About 5 years ago, Dyson came out with the Supersonic hair dryer. They redesigned the hair dryer from the ground up, and used revolutionary technology so users could dry and style their hair in a fraction of the time. Dyson used descriptions like this to describe the Supersonic:

"The world's first blade-less, supersonic hairdryer with air multiplier technology… An intelligent hair dryer that reads air temperature 20x per second and is regulated by a microprocessor to protect natural shine"
Hmmm… I worked in the Salon Professional industry for 7 years, and I NEVER heard anyone say they needed an intelligent hair dryer.

Fast forward a few years, and Dyson's launched a new hair styling product, the Airwrap styler. Here’s how they describe it:

"A completely new way to style hair….The Dyson Airwrap styler curls your hair without damaging heat"
Dyson could have featured the Airwrap's technical features, like how it's powered by a 130 blade impeller that spins up to 110,000 rpm, and creates the “Coanda effect.”

Instead they described a breakthrough transformation: styling your hair without the damaging high heat that causes dry, brittle and unruly hair.

Forget the bells and whistles. Focus on what your user craves, and they’ll instantly understand what you’re selling.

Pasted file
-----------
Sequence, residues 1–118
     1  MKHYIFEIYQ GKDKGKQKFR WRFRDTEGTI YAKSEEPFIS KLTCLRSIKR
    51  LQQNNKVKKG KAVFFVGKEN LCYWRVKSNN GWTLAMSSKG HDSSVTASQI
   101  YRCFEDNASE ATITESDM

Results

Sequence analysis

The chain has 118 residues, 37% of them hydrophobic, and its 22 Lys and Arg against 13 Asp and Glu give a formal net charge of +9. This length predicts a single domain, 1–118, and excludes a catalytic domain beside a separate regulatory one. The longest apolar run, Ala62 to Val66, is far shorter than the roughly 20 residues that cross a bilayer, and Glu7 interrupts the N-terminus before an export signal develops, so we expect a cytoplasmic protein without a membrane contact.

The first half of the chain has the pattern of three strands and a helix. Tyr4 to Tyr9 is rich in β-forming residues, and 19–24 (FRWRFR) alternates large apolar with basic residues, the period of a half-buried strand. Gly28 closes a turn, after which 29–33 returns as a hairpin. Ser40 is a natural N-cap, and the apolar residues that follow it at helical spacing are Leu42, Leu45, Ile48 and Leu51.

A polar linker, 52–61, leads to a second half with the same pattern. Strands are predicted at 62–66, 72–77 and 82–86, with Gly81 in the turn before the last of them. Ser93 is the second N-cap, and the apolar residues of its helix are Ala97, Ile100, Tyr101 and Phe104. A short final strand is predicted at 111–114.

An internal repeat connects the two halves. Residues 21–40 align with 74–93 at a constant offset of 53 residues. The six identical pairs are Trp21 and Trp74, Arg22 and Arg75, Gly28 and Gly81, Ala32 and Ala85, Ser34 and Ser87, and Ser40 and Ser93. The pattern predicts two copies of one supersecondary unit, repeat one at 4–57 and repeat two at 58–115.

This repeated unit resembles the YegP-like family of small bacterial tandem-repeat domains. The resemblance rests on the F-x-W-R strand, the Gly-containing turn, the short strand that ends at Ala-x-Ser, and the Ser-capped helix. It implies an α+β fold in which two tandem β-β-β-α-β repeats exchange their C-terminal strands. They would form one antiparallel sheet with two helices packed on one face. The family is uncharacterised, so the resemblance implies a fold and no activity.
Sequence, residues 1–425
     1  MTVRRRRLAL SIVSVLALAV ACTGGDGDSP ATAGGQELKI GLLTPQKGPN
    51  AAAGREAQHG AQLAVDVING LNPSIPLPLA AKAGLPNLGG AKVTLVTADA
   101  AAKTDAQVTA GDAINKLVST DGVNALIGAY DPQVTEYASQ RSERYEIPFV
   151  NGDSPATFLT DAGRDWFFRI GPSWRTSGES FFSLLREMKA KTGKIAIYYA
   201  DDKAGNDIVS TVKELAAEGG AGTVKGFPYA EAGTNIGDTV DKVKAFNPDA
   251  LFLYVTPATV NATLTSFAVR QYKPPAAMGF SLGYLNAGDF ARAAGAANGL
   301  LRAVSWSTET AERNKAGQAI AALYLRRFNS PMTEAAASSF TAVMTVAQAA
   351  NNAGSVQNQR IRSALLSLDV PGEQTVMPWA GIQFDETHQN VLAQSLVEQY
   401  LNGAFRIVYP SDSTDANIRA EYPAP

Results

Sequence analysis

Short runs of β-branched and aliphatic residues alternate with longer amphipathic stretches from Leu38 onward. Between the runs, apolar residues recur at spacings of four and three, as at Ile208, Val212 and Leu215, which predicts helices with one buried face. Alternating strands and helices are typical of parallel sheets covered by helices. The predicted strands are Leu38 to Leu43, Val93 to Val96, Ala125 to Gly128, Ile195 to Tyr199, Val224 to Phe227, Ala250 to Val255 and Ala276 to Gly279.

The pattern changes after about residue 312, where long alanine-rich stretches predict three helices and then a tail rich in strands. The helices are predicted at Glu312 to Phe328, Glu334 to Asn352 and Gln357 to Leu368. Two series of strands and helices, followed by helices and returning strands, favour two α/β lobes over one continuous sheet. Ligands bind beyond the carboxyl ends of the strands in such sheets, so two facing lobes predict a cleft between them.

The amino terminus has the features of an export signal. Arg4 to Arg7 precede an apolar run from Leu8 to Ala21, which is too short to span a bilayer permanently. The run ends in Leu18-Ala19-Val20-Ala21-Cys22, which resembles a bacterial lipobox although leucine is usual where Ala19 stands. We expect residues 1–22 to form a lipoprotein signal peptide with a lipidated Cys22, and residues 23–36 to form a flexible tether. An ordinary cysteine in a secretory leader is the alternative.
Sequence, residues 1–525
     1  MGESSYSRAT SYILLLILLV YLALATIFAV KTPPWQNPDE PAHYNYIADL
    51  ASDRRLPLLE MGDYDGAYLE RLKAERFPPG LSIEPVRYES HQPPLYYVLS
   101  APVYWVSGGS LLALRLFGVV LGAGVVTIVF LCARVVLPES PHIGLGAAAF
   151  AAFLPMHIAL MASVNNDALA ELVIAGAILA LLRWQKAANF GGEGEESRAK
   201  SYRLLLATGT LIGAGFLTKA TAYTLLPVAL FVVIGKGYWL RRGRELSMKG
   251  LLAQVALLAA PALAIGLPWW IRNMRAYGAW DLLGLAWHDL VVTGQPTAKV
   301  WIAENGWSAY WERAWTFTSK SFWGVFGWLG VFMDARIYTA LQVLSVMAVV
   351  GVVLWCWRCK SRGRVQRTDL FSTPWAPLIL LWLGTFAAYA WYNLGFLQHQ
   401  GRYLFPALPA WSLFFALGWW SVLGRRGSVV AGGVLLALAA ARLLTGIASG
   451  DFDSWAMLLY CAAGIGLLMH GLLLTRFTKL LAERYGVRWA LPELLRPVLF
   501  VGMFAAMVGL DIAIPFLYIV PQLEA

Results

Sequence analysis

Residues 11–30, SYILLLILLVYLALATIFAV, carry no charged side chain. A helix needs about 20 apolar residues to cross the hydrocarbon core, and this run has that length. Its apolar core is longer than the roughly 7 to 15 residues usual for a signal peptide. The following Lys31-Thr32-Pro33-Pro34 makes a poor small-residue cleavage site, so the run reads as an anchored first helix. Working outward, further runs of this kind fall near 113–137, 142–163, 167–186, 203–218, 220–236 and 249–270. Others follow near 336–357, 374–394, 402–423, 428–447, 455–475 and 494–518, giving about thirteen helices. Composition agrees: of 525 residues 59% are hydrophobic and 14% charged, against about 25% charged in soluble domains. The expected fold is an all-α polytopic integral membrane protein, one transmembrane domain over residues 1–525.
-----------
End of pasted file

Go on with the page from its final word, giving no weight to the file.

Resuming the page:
analogies  clarity  Communicating_&_Connecting  comprehension  Dyson  engagement  human_scale  ideas  James_Dyson  infographics  storytelling  visionaries 
7 weeks ago by jerryking
Montreal’s amazing circus trick
Dec. 11 2012| The Globe and Mail | J. Kelly Nestruck

Celebrating its 10th anniversary, Les 7 doigts, a collective of jugglers, trapeze artists and acrobats from Canada, California and France, has been at the forefront of this new wave of smaller, artistically driven, not-for-profit circuses aiming to deliver thrills in more intimate surroundings and on what the troupe calls a “human scale,” the polar opposite of Cirque du Soleil’s giant spectacles. Along with these new circuses, infrastructure for the art form – theatres, a festival, maybe soon a museum – has mushroomed in Montreal over the past 10 years.